How to Convert Your 401k to a Roth IRA

Rolling your 401k to a Roth IRA is easy, but you’ll owe taxes.

When you retire or leave your job for any reason, you’re allowed to bring your 401k funds with you. Some investors roll over their 401k money to their new employer’s 401k plan, and others move their retirement savings into an individual retirement account. One option is to convert your 401k into a Roth IRA, which allows for tax-free distributions. Such a conversion could have significant tax ramifications, so you might want to speak to a retirement planning specialist or tax expert before you make the move. Here’s a look at the process for a 401k conversion to a Roth IRA and how it can help you extend your retirement savings.

401k Rollover to Roth IRA

The procedure to roll over your retirement savings from one account type to another is straightforward. Here’s how to covert a 401k to a Roth IRA:

  1. Open a Roth IRA at a financial institution and note the account number.
  2. Contact your 401k administrator to get the proper rollover paperwork.
  3. Fill out the rollover forms with your Roth IRA account number and other identifying information about both yourself and the receiving financial institution.
  4. Submit the completed forms to your 401k administrator.
  5. Watch your Roth IRA for the arrival of your converted 401k funds.
  6. Report the transaction when you file your taxes.
Retire Comfortably

Learn More: 401k Rollover Rules

401k Rollover Fees and Costs

A 401k to Roth rollover typically is a cost-free transaction. Some firms, however, might charge you money to set up a Roth IRA or to transfer money out of a 401k, so check with your providers. The major costs you’ll have to be concerned with are the tax consequences of a 401k to Roth conversion.

401k Conversion Tax Consequences

Retirement accounts like 401k plans are typically funded with pretax money; a Roth IRA is an after-tax account. Thus, you’ll likely face tax consequences on your 401k conversion to a Roth. You’ll have to report the transaction on your taxes, and the IRS will consider all of the pretax income you convert to your Roth to be fully taxable at ordinary income tax rates, which can amount to a significant hit if you have a large 401k fund.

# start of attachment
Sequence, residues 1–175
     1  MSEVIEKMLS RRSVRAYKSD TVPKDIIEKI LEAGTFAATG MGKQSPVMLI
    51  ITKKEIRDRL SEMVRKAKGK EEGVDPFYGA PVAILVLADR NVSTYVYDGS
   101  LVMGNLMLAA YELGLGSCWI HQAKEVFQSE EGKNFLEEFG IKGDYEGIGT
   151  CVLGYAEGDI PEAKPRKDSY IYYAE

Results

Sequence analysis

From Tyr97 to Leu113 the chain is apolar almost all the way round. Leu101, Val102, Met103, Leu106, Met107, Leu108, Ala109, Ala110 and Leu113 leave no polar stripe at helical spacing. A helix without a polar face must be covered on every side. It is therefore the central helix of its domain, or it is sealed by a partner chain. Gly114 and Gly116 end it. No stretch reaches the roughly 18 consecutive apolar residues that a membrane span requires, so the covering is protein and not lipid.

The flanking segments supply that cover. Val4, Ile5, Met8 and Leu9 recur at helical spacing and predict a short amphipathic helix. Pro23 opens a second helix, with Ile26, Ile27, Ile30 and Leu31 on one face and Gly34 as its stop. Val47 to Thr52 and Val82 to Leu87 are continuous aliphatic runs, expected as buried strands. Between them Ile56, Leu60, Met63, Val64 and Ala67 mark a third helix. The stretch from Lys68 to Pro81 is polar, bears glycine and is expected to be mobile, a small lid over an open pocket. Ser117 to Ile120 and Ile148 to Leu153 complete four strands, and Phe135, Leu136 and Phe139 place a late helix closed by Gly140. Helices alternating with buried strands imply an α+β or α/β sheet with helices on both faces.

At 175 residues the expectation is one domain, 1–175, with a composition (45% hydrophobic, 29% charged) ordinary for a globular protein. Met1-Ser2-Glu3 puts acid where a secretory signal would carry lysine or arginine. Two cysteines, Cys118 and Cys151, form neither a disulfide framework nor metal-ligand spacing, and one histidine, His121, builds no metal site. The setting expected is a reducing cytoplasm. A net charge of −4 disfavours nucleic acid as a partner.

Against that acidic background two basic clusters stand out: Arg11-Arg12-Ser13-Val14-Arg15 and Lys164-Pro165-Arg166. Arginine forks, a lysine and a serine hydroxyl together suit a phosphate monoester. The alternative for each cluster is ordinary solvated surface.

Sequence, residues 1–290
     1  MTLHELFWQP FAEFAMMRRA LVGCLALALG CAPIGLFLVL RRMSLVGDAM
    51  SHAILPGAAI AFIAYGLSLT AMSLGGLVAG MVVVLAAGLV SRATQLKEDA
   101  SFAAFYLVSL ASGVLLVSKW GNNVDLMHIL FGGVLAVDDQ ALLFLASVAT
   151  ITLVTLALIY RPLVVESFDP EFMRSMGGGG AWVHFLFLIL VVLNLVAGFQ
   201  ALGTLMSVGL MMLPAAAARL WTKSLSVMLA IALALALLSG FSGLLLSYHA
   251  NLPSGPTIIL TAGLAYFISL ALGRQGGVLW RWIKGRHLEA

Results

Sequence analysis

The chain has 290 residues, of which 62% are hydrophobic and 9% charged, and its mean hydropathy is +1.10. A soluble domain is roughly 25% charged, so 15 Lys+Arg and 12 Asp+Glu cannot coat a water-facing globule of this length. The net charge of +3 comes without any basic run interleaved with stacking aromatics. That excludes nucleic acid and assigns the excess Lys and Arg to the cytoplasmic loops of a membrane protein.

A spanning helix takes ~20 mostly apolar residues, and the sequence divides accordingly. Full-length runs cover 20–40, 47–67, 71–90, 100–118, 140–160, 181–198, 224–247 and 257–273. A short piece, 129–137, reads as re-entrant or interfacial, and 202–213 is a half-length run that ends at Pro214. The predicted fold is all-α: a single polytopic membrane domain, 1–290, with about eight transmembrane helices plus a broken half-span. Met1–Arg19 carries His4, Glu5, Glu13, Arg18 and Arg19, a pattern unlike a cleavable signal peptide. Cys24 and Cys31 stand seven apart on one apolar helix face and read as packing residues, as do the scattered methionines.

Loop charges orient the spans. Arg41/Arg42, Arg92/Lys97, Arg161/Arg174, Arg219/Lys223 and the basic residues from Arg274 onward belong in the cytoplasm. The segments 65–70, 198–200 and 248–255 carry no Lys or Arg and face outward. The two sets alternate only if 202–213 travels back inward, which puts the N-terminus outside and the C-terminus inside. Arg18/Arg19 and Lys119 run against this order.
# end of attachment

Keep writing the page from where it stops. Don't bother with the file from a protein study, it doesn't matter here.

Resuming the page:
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For example, if the amount of your rollover pushes you into the highest tax bracket, you’ll owe 37 percent on the transfer, just in federal taxes. And if you live in a high-tax state, such as California, you might face as much as 13.3 percent in additional state tax, pushing your total tax burden to over 50 percent of the amount of your 401k rollover.

Also See: How to Use Your IRA as a Last-Minute Tax Deduction

Benefits of a Roth Conversion

By paying your taxes at the time of your conversion, you won’t have to worry about taxes on your Roth money in the future. Money inside a Roth IRA grows tax-free, so you won’t have to report your earnings inside the account every year when you file your taxes.

You also won’t have to pay tax on any qualified distributions you take from the account. You can’t take a qualified distribution according to Roth IRA rules unless you’ve had a Roth IRA open for at least five years. You must also either be age 59.5, disabled, a beneficiary of the Roth IRA or taking a distribution for your first home, up to $10,000.

Retire Comfortably

Other benefits of a 401k to Roth conversion include increased investment options and the lack of mandatory distributions. Most 401k plans offer a roster of mutual funds to choose from but little else. In a Roth IRA, you can invest in a wide variety of stocks, bonds, mutual funds and ETFs, among other options.

After you turn age 70.5, you’re forced to withdraw money annually from most pretax retirement plans, including your 401k plan. A Roth IRA does not have that requirement; you can keep your money in a Roth IRA indefinitely, regardless of your age.

See Which Retirement Plan Is Best for You: Roth vs. Traditional IRA

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About the Author

Michael Keenan

Michael Keenan is a writer based in the Kansas City area, specializing in personal finance, taxation, and business topics. He has been writing since 2009 and has been published by Quicken, TurboTax and The Motley Fool.

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